NASA Spacecraft TRMM Debris May Fall in the Philippines Early Next Week

NASA TRMM spacecraft

Credit: NASA

The debris of Tropical Rainfall Measuring Mission (TRMM) spacecraft may fall in the Philippines early next week, according to a report by the National Aeronautics and Space Administration (NASA). The spacecraft, which was designed to study rainfall for climate and weather research, is set to burn up before it will fall.

On its update this Saturday, June 13, 2015, NASA said that RMM is predicted to make it re-entry into atmosphere on Tuesday, June 16 at 4:52 a.m. EDT (4:52 p.m., Manila time). But because of the natural variations in the atmosphere, the exact time and location of where the aircraft will fall are both hard to tell.

According to NASA, TRMM is a 12-year joint project of the Japan Aerospace Exploration Agency (JAXA) and the NASA. It is being closely monitored by the U.S. Space Surveillance Network, operated by the Department of Defense U.S. Strategic Command’s Joint Space Operations Center (JSpOC).

TRMM was launched on November 27, 1997 at Tanegashima Space Center, Japan. It was originally designed to carry out a three-year mission only, but has operated successfully for more than eight years. All the necessary research was completed in 2001, and the collection of data formally ended on April 8, 2015.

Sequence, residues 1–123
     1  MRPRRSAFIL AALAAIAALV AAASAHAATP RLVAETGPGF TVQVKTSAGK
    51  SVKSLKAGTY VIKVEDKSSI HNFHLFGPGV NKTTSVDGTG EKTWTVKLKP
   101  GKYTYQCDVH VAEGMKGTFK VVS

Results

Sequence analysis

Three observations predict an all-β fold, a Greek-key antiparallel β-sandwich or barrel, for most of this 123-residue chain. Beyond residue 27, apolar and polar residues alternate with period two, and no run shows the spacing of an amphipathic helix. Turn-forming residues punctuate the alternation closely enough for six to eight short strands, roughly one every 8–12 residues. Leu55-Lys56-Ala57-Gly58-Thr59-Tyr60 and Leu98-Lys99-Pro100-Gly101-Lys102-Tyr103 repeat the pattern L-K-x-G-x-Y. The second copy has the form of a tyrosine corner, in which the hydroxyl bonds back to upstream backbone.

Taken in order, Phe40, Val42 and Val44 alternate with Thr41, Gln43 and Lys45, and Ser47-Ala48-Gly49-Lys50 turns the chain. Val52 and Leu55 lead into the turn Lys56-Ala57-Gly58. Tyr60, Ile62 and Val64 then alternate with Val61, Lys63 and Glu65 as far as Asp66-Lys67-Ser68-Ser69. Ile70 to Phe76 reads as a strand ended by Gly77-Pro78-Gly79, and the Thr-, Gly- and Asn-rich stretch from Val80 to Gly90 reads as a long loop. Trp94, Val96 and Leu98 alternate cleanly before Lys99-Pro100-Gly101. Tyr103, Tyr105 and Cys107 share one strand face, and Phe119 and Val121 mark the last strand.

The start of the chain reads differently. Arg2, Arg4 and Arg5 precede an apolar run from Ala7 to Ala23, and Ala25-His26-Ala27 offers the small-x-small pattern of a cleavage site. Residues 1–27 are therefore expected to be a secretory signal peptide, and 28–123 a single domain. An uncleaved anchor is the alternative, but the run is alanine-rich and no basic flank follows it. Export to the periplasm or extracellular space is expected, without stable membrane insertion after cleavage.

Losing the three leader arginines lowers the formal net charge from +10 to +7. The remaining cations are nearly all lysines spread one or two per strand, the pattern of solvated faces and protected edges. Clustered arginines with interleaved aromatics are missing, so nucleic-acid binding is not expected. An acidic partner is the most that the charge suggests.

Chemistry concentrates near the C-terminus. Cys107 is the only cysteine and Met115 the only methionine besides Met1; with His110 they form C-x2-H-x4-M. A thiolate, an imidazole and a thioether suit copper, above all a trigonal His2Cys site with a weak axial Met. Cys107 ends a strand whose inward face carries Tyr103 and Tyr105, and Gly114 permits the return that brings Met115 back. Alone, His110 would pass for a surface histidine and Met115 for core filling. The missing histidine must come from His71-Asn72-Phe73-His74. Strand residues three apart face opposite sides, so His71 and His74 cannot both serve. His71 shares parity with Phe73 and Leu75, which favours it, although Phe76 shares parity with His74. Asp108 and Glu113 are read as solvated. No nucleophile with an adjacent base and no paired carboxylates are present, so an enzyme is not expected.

The orbit of this TRMM spacecraft is very unlikely to fall in North America Europe, Russia, and Japan. Nevertheless, NASA emphasized that it could possibly fall between 35 degrees North latitude and 35 degrees South latitude. As shown in the map below, the entire Philippines is included in the possible drop zone.

NASA TRMM reentry map earth

TRMM reentry map; Credit: NASA

To avoid panic, NASA is reminding everyone that there has been no confirmed report of injury on locations where space objects dropped. The Upper Atmosphere Research Satellite (UARS) was the last NASA spacecraft to re-enter the Earth back in September 2011. This satellite is much bigger than the TRIMM.

NASA estimates that there will be 12 components of the TRMM that will survive and re-enter Earth. Although the exact size cannot be determined, the possibly of one of them to hurt anyone is around 1 in 4,200. Therefore, it means that the public is totally safe from harm and has really nothing to worry about.

These pieces of the TRIMM debris are made of titanium and cannot affect the human health. However, they could have sharp edges and can pose danger when touched by inexperienced individuals. It is therefore being highly recommended to immediately report to authorities once there are suspected sightings.